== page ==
New and Expectant Mothers at Work Policy

This Corporation does not equate pregnancy with ill health but regards it as part of everyday life and believes its health and safety implications can, in most cases, be adequately addressed by normal company health and safety procedures.

Where risk assessment shows there to be significant risk to the health and safety of new or expectant mothers, This Corporation will take all necessary steps, so far as is reasonably practicable, to remove the hazard or prevent exposure to the risk. Where this is not feasible and normal control measures still leave a significant risk, This Corporation will take appropriate steps to protect the new or expectant mother by: -

  1. Temporarily adjusting her working conditions and/or hours of work. If this is not possible or would not avoid the risk
  2. Offer her suitable alternative work if available. If this is not possible and there is still genuine concern for her child
  3. Give her paid leave for the period of time necessary to protect her or her child's safety and/or health whilst she is breastfeeding.

 

THE TABLE BELOW SETS OUT THE HAZARDS, RISKS AND ACTION TO BE CONSIDERED FOR NEW AND EXPECTANT MOTHERS

HAZARD

EXAMPLES

RISK:
EXPECTANT MOTHERS

RISK:
NEW MOTHERS

ACTION TO AVOID
THE RISK

1. Shocks, vibration,

movement

Driving/riding in off-road vehicles using a buffing machine. Heavy physical work, over stretching

Regular exposure to shocks, low frequency vibration, or excessive movement, may increase the risk of a miscarriage or premature birth

Exposure to shock, vibration or excessive movement may cause pain or discomfort to those who have recently given birth. Breastfeeding workers - no greater risk than other workers

Pregnant workers and those who have recently given birth should not be subjected to work involving whole body vibration or where the abdomen is exposed to shocks or jolts

2. Manual handling of loads where there is risk of injury

Carrying of heavy, large or awkward objects. Working at a high pace. Carry for long distances.

Pregnant workers are especially at risk from manual handling injuries - hormonal charges affect ligaments. Postnatal problems with increased size.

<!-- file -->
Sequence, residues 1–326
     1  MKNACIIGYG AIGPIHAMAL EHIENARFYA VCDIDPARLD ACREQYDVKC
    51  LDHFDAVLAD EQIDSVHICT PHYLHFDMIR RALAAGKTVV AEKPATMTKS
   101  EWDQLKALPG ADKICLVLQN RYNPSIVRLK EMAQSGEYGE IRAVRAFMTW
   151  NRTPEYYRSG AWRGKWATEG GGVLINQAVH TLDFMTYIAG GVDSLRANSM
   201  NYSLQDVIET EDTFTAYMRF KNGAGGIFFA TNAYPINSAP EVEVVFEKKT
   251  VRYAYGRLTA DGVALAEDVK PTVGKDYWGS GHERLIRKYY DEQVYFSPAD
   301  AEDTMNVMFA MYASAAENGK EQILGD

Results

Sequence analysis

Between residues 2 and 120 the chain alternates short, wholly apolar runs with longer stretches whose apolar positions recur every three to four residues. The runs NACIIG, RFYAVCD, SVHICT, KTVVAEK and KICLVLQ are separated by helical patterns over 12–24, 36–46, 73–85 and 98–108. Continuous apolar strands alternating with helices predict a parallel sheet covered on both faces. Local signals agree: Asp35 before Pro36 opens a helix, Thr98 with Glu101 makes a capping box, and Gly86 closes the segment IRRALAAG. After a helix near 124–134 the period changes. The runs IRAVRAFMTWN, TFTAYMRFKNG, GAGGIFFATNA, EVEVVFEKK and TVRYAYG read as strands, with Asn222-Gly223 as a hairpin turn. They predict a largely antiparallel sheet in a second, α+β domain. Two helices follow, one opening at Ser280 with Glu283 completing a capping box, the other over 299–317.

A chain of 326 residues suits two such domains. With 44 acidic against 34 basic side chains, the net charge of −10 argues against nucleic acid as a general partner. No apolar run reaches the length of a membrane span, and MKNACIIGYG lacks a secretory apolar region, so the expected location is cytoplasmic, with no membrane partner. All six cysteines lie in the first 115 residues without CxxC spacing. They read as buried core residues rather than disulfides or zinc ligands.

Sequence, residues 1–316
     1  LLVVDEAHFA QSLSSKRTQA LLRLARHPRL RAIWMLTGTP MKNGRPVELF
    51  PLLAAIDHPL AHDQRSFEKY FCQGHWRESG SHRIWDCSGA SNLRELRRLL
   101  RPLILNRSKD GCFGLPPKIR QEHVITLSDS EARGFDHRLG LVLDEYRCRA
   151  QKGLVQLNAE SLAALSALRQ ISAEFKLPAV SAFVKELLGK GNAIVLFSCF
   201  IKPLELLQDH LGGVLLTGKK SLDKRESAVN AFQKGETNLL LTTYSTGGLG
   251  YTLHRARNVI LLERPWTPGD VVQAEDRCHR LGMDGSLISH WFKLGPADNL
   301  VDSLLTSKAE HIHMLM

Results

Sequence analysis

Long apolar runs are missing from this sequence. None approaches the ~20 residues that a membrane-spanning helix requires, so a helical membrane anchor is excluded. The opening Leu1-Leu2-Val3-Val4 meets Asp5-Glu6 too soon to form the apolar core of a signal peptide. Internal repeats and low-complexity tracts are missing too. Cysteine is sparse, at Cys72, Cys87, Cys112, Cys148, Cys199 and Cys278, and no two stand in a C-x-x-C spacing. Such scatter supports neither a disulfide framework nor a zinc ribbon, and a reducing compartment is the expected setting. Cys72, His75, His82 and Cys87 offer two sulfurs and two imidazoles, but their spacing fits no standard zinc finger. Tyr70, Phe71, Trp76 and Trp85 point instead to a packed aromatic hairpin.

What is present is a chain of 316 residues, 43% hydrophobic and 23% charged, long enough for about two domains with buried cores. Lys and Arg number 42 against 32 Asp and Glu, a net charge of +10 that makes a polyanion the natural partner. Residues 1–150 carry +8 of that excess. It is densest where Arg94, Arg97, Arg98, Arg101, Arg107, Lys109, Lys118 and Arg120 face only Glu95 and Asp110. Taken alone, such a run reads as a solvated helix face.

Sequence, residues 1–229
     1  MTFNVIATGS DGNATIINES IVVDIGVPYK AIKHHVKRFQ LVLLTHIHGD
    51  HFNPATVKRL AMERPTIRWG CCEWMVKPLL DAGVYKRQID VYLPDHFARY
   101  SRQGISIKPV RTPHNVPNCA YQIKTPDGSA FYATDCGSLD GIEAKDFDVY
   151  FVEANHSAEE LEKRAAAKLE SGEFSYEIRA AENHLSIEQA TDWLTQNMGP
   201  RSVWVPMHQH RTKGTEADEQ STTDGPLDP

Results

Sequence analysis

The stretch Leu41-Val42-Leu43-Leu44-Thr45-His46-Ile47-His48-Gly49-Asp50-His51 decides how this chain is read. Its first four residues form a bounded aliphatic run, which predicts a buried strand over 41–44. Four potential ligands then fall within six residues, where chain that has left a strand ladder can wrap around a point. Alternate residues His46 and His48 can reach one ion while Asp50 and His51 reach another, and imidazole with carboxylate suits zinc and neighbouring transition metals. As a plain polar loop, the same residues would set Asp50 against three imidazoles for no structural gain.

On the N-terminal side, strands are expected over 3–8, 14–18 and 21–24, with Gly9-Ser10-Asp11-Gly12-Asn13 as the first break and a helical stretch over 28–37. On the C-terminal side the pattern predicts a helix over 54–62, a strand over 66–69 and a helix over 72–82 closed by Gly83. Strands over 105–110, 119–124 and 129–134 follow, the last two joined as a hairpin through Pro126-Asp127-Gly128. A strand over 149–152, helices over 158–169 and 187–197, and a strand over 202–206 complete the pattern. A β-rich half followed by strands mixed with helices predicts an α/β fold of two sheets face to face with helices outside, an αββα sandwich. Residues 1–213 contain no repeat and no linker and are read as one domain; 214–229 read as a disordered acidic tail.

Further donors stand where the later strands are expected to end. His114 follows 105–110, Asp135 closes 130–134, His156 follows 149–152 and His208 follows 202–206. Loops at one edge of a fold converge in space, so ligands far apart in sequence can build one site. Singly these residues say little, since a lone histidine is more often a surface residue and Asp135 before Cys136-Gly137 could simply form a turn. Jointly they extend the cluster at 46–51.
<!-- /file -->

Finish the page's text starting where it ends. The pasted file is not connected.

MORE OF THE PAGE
Those who have just given birth, especially via caesarean section are likely to have a temporary limitation in lifting and handling capacity. Breastfeeding workers - no greater risk than other workers

Reduce manual lifting and handling as far as possible, provide trolleys etc breakdown the load or task

3. Ionizing Radiation

Working/contact with X-rays. Working/contact with radiotherapy. Working in areas marked with 'radioactive' signs.

Significant exposure can be harmful to the fetus.

Working with radioactive liquids or dusts could cause exposure to the child via contamination of the mothers skin

Pregnant and new mothers should not be employed in work where the risk of such is high. Procedures should be in place to keep radiation levels well below the statutory dose limit for pregnant women.

4. Extremes of Heat

Working near furnaces. Working in hot kitchens. Working in any hot environment

When pregnant, women tolerate heat less well and may faint or suffer heat stress.

Breastfeeding may be impaired by heat dehydration

Pregnant workers should not be exposed to prolonged heat at work e.g. working over hot stoves, near furnaces. Rest facilities and access to refreshments will help

 

5. Postural Problems

Standing for long periods. Heavy physical work. Working at heights - ladders etc. Working in confined spaces. Working at desks.

Fatigue from standing and other physical work will increase risk of miscarriage, premature birth and low birth weight.

Excessive physical/mental pressure may cause stress and increased blood pressure

Those who have just given birth especially via caesarean section are likely to have some temporary limitation in normal movement